How Nuvei's share price has changed over the years
Share price of Nuvei over time

Similar to other publicly owned processors such as Adyen and dLocal, Nuvei’s share price grew significantly during the pandemic but in the time since has declined significantly. Nuvei’s price per share was $123.1 on the NASDAQ when its US IPO closed in October 2021, much higher than the $34 per share that stakeholders will receive as a result of the Advent sale.

There have been several factors feeding into this. The tech sector as a whole saw stocks fall in price by more than 30% in 2022, driven by higher interest rates and the movement of investors to stocks they saw as more stable. 

Nuvei has also been subject to critical reports from Spruce Point Capital Management LLC in 2021 and 2023. The most recent report claimed, amongst other things, that Paya had been losing market share before its acquisition and also questioned its ties to collapsed crypto firm FTX. Nuvei has dismissed the claims made by both reports. Despite declines in 2022 and 2023, the company’s share price has been growing since late 2023 into this year, likely influenced by consistent sales growth. 

The upshot for Nuvei is that going private may be a way for it to continue developing its products and expanding into new regions without having to deal with public scrutiny and the time-consuming nature of earnings reports. Payment processors have seen notable impacts from having to share their earnings – for example, Adyen saw a major share price dip last year when it announced a hiring spree as other companies were announcing layoffs (though it has since recovered from this).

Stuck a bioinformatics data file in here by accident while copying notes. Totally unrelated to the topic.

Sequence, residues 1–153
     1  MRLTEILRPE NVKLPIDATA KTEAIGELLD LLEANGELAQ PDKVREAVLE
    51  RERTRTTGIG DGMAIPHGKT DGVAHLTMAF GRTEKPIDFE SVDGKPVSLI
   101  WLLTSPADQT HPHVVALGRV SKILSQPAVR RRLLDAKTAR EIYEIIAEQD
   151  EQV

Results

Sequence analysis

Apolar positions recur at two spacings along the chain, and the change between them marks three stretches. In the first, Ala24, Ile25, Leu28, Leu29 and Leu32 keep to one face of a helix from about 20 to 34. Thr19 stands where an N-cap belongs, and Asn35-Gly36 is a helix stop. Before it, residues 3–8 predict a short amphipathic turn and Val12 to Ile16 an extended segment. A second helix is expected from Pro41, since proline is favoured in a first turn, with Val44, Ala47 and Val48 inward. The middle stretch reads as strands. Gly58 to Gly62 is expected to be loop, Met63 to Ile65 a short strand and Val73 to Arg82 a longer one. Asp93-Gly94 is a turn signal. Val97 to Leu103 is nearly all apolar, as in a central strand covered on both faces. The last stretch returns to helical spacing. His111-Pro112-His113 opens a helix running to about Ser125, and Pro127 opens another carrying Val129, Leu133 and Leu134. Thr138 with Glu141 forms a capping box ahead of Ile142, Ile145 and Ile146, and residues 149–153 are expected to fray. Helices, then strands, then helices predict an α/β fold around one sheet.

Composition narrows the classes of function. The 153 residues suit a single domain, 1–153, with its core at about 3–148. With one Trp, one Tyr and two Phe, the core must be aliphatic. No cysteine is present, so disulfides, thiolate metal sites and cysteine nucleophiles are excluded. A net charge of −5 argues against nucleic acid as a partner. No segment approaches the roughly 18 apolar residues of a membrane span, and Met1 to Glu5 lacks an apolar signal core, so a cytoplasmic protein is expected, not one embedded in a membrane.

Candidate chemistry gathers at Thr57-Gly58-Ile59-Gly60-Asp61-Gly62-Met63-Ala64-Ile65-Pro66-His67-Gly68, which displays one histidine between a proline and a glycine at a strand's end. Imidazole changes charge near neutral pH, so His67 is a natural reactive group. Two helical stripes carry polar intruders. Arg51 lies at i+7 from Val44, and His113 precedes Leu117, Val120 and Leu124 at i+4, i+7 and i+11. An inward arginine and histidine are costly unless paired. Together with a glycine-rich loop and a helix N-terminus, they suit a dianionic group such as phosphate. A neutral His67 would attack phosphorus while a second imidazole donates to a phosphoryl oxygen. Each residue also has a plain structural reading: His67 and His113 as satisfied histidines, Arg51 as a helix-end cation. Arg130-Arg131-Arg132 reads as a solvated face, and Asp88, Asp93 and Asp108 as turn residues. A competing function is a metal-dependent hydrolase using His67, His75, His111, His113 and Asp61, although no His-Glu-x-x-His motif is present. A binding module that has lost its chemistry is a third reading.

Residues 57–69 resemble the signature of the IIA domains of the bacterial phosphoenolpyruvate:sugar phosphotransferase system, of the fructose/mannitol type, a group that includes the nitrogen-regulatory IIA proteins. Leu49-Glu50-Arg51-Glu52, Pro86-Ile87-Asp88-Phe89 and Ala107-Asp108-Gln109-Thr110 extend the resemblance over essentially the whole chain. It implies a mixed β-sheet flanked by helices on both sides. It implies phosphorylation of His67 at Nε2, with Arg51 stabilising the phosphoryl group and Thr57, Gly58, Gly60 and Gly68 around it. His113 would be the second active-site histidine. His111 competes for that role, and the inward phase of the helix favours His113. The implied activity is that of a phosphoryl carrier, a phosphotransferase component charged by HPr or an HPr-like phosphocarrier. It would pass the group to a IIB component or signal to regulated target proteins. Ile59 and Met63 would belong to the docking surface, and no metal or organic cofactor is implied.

Prospects for Nuvei

Nuvei is currently focusing on building out its B2B and ISV revenue streams, and has recently begun bolstering its position in APAC and other emerging markets such as LatAm. It currently only sees a small amount of its revenues from these markets, but there is still a big market opportunity. 

Bolstered by a major private investment, this could help the company to expand its global footprint and take advantage of total addressable markets where it isn’t making as much of an impact as other global payment processors.

In any case, the Nuvei deal is an example of a high-profile acquisition in a time when the payments industry has seen venture capitalists pull back on funding due to high interest rates, inflation and some major company collapses in the last few years. Investors and industry players will be monitoring Nuvei and other acquired players to see whether the move back towards being a private company pays off.